The finer the material impacting with the classifier 40, the further the material will migrate from the center of the cassette, with the finest material being scattered toward the outer perimeter of the cassette. Therefore, in the roughly circular material pile that builds up from the preheater floor directly underneath cassette 40, the finest material will build up on the outside of the pile and the coarsest material will make up the center-most portion of the pile.

It is a feature of the present invention that it provides for a means of raising and lowering the material pile that builds up from the floor of the preheater by raising and lowering the feed pipe, which in the depicted embodiment is comprised of a plurality of interfitting and telescoping sections 42a, 42b and so forth. Therefore feed pipe 42 can be extended vertically downward into the interior of the cassette 40 or it can be shortened

considerably by having the sections retract into themselves. When the feed pipe is at its most retracted position the bed depth of the material pile in the preheater area located under a specific feed pipe (whether it be in a cassette, chimney or an open annular preheating area) will be at its highest and when the feed pipe is at its most extended position the bed depth of the material pile will be at its lowest.

Depending upon the specific composition of the feed (which can vary because of a number of factors, including the quarry location) a practitioner of the invention can optimize the preheating capabilities of the preheater. If a particular practitioner has more fines, relatively speaking, in the feed the preheater efficiency can be optimized by lowering the feed pipe in the preheating chamber and thereby lowering the bed height. The fewer fines in the feed the preheater efficiency can be optimized by raising the feed pipe in the preheating chamber and thereby increasing the bed height. Furthermore, there can be different feed size mixtures in different areas of the feed bin and thus one feed inlet can receive feeds having different size characteristics than another feed inlet in the same preheater. Therefore it may be advantageous to separately adjust the bed depth under each feed pipe in a preheater.

Figure 4 illustrates the feed pipe 42 in which all but section 42a have been retracted. It this embodiment the feed pipe has six sections 42a-f, although the number of pipe sections is not critical to the invention. Uppermost section 42f has the largest diameter and lowermost section 42a has the smallest diameter, and each section is capable of fitting inside the section immediately above it, i.e. section 42a can fit into section 42b, and sections 42a and 42b can fit inside section 42c, and so forth. Figure 5 illustrates a side elevation of a preheater section 40, in this example a cassette, and a preheater feed pipe 42 used in the present invention. The cassette is partially lined by refractory 50 to improve preheating. As depicted feed pipe sections 42a-f are shown in the most retracted position, and therefore classifier 44 is in the highest position relative to stone floor 46. The distances shown in the figure indicate the feed pipe's elevation above the bullnose 47. In the depicted position outlet 48 of the feed pipe is located approximately 3.5 meters above bullnose 47; the larger parallel base 44b of the classifier is positioned approximately 2.75 meters above bullnose 47; and the upper parallel base 44a of the classifier is located approximate 0.3 meters beneath the outlet 48 of the feed pipe. The bullnose is typically position from 1 to 2 meters above the preheater floor. These dimensions are exemplary only and can be varied by the practitioners depending on factors including the type of preheater utilized (e.g. cassette, chimney or open preheating area).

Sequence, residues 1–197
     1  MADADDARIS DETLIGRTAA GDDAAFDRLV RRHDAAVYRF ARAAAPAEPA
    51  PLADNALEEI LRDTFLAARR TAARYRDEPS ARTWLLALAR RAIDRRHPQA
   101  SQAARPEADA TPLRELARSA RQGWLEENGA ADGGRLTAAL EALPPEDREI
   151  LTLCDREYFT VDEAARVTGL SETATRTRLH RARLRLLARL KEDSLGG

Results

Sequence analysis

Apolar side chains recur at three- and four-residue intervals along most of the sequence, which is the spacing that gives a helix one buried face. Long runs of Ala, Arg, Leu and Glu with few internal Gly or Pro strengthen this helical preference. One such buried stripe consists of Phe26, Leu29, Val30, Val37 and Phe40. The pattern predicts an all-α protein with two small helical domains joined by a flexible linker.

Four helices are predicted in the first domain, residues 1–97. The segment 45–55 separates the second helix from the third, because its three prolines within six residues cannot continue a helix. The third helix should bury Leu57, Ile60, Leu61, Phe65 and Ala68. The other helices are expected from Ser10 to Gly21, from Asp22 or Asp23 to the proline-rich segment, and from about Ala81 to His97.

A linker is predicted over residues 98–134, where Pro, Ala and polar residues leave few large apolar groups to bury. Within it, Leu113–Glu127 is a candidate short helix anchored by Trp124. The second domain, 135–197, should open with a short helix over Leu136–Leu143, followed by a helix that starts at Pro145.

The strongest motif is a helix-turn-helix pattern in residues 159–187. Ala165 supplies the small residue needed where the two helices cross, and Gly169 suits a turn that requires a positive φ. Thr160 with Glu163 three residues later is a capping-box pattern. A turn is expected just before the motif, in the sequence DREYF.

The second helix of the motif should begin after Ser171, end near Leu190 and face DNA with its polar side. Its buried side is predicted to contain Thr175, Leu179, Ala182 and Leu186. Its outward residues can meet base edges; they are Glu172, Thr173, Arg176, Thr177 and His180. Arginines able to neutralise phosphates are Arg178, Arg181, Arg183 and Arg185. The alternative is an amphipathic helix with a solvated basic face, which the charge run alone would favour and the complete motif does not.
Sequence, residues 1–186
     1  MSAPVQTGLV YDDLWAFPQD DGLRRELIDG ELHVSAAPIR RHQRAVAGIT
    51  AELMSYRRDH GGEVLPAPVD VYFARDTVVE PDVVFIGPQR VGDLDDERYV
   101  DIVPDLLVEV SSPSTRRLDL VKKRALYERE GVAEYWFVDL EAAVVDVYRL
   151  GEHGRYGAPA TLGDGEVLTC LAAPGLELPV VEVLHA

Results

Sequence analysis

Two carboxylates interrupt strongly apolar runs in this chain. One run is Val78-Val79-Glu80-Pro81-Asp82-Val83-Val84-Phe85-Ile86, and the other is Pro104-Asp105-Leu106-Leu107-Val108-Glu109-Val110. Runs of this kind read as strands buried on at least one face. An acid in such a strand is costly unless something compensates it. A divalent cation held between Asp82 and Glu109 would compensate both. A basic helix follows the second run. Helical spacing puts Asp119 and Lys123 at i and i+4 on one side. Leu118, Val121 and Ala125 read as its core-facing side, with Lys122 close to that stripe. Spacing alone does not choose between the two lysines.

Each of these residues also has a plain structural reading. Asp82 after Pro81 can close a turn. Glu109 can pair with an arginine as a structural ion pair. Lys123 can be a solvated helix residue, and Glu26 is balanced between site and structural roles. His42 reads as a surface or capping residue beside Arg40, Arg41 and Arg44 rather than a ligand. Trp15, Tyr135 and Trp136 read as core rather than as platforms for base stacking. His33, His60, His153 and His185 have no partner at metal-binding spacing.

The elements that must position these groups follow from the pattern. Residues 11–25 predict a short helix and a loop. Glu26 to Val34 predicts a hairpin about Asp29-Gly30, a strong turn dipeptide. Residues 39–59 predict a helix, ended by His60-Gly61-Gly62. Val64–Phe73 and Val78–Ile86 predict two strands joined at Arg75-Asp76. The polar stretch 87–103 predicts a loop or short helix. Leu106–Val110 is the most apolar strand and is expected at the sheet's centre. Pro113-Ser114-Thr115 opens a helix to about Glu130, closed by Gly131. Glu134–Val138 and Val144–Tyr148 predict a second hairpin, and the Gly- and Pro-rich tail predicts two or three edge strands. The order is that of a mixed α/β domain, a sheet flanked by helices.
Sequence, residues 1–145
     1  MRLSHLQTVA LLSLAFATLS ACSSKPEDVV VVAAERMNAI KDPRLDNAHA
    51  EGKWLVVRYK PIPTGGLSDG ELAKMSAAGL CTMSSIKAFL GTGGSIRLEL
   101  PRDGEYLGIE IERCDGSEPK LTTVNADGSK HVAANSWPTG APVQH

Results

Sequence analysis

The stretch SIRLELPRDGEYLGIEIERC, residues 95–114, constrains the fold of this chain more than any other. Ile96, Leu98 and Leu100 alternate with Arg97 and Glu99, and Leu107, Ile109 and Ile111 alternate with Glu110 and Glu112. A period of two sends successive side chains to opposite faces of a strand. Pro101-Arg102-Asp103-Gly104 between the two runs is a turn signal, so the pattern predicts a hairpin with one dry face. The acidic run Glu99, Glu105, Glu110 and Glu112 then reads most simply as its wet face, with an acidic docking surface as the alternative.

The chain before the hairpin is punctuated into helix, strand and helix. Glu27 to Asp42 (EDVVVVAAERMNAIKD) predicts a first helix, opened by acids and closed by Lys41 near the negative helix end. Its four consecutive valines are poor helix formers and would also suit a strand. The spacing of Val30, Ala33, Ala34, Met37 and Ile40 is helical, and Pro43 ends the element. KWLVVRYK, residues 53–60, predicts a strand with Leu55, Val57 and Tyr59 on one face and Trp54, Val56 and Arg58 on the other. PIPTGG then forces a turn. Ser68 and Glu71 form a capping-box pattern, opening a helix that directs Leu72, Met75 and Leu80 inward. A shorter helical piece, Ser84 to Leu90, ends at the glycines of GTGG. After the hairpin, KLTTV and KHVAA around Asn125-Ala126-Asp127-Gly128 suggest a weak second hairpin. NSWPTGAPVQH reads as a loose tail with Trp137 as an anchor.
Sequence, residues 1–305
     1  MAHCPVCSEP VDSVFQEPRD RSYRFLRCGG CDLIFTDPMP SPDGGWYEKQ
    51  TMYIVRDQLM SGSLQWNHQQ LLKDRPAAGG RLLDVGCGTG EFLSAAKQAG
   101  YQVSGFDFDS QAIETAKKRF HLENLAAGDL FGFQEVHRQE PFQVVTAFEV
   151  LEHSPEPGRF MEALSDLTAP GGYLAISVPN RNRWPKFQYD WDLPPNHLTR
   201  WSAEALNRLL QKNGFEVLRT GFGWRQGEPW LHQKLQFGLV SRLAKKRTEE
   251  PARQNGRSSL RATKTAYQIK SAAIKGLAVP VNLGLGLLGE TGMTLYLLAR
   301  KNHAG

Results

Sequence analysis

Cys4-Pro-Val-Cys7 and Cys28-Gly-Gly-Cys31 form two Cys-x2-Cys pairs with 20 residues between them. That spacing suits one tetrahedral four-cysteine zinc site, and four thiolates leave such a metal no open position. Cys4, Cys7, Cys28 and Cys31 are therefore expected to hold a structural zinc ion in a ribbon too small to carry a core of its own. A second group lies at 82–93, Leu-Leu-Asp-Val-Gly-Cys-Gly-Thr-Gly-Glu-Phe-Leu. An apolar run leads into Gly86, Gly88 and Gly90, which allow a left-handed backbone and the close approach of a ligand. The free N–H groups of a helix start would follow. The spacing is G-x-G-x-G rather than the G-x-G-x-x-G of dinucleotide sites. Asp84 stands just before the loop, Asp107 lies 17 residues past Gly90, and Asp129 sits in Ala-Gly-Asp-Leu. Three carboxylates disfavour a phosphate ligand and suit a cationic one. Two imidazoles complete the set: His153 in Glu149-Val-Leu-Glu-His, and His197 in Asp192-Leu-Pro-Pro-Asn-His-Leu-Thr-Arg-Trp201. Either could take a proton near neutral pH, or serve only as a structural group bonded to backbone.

The feed pipe 42, and accordingly the material bed depth, can be raised or lowered while in operation through the use of hoist 49 which is located exterior to the cassette. It is understood that the distances depicted are exemplary only and can be varied by the practitioner, along with the method of raising and lowering the cassette, which can be done manually, electrically, automatically or semi-automatically. In addition, any method of determining the feed size being delivered to the preheater can be utilized in the present invention.

Figure 6 illustrates a side elevation of a preheater section 40, in which adjustable telescoping feed pipe 42 is fully extended. As depicted, feed outlet 48 is located approximately one meter above the bullnose. Therefore, in the example set forth in the Figures 6 feed pipe 42 is extended 2.5 meters from the position depicted in Figure 5. The depicted mechanism for raising and lowering feed pipe comprises hoist 49, pulley 50 and guide wire 51.

In Figure 7 the flow of the material into, through and out of cassette 40 is detailed by arrows B. Stone feed enters through inlet 41 and flows down through feed pipe 42, impacts classifier 44 and falls toward floor 46. The feed is directed under bullnose 47 toward the center of floor 46 by the action of a reciprocating plunger feeder (not shown).

Although the present invention has been described with reference to preferred

embodiments, workers skilled in the art will recognize that changes may be made in form and detail without departing from the spirit and scope of the invention.